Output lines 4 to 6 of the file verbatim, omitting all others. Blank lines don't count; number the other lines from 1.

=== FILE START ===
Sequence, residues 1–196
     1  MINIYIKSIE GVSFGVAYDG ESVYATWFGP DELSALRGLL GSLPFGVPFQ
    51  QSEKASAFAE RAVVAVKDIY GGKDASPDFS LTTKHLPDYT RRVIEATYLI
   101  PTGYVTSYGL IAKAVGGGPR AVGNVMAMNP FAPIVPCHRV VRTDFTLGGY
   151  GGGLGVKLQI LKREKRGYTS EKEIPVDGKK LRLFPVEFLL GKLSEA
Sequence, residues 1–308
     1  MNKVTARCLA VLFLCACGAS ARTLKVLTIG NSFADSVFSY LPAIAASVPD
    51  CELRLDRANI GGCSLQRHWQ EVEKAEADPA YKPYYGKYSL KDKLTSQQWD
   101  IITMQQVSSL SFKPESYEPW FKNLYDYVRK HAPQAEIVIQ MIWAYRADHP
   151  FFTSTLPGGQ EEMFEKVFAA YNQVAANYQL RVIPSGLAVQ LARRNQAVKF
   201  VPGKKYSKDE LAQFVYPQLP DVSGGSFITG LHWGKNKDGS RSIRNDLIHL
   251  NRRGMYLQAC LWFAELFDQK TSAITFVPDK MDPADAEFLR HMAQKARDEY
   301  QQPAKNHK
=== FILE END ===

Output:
   101  PTGYVTSYGL IAKAVGGGPR AVGNVMAMNP FAPIVPCHRV VRTDFTLGGY
   151  GGGLGVKLQI LKREKRGYTS EKEIPVDGKK LRLFPVEFLL GKLSEA
Sequence, residues 1–308